We would like to welcome Benjamin Brooks-Dutton to DAD as our Thursday blogger.
Ben is dad to two year old Jackson. On 10th November 2012 aged 33, Ben was widowed when his wife Desreen was tragically killed. Ben blogs regularly on his blog Life as a widower. We thought the best place to start would be with Ben’s first two blog entries.
Opening up JANUARY 6, 2013 This is syndicated content from Life as a widower
On November 10th 2012 just after 8pm I left my friends’ house a happily married father. By 9.17pm I was sat outside their house in an ambulance, a widower in shock. I only remember the time because I noticed the hands on the clock were in the same position as when our son was born two years and three weeks earlier.
A lot of people know our story already (well at least part of it) because it was tragic enough to make national news and touching enough to keep people talking long after. This blog, however, is not really about telling the story. It’s about being a man that opens up about how it feels to lose the woman with whom he shared eight years of his life in an instant and what happened next.
In my shock and utter delirium straight after my wife was killed, I almost started blogging straight away (grief from sudden death does crazy things to your head). I’d always wanted to start a blog but wasn’t convinced I had anything that interesting to share.
I quickly realised I had more important things to focus on in raising a child as a sole parent than keeping a public diary. That was until I spoke to a man called Steve Smart at a charity called Care for the Family. They offer a telephone support network for widows and widowers, a kind of buddy system for when people connected by the death of a spouse need to talk to someone empathetically. He said that sadly there were very few male volunteers, perhaps because men find it hard to open up about their feelings. Fortunately for me I don’t. I use the word ‘fortunately’ because I think opening up now is going to make living in my own head somewhat less difficult in the future. That’s what the books I’m throwing myself into say anyway.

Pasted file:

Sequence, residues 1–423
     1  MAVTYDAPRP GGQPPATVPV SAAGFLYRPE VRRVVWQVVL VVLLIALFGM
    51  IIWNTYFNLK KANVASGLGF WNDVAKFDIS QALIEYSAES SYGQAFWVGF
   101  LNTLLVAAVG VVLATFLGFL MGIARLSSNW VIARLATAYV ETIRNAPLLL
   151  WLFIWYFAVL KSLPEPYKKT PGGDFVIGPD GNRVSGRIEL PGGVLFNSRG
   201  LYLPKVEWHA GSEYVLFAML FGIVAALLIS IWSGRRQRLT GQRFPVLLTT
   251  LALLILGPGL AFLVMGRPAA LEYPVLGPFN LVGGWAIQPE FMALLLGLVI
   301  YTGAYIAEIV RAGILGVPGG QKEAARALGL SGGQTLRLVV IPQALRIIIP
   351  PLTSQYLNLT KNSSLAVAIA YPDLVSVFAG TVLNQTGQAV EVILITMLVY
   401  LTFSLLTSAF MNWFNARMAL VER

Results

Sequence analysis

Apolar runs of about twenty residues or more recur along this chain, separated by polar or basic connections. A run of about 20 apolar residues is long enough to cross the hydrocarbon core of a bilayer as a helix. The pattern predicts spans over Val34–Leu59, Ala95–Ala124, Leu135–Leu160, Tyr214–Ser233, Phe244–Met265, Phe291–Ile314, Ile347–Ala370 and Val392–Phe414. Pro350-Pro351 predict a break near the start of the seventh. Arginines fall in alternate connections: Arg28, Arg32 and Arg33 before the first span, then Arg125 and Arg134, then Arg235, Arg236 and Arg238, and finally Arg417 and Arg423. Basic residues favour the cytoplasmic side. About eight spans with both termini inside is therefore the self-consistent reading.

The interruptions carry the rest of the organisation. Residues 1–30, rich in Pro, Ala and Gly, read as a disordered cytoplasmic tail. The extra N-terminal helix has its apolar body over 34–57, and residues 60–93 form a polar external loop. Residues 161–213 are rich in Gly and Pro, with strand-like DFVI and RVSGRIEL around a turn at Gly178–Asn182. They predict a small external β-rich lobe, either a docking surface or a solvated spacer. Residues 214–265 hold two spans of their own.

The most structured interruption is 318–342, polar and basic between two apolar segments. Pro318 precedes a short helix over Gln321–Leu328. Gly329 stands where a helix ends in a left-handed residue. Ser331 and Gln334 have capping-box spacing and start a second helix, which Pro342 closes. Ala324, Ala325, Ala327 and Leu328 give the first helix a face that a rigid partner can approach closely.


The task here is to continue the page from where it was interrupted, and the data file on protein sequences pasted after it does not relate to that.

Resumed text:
So, I’m not exactly sure where this blog is going. I’m not sure how I’ll tell my story and whether I’ll go back to the beginning or start from where I’m at now. But I can’t help but think that some poor ******* will wake up tomorrow morning, realise their wife has gone forever and that it wasn’t just a nightmare, and search for someone who can relate to the hell that they are going through. Perhaps if I keep writing they’ll find that someone. Perhaps a few more blokes will be encouraged to open up about how they feel. Perhaps the process might act as catharsis and make things easier on me. Perhaps when the next bloke calls Care for the Family there will be a few more guys to talk to.
Let’s see how things go…
Reproduced with kind permission of Benjamin Brooks-Dutton.
Being strong January 7, 2013
This is syndicated content from Life as a widower
I’ve decided I’m not going to write about the incident. It’s really easy for people to say, “You need to see a counsellor and go over what happened on the night”, but I’m not convinced. I know what happened better than anyone else at the scene, I know the outcome and I know that I can’t do anything to change it. So why revisit it publicly?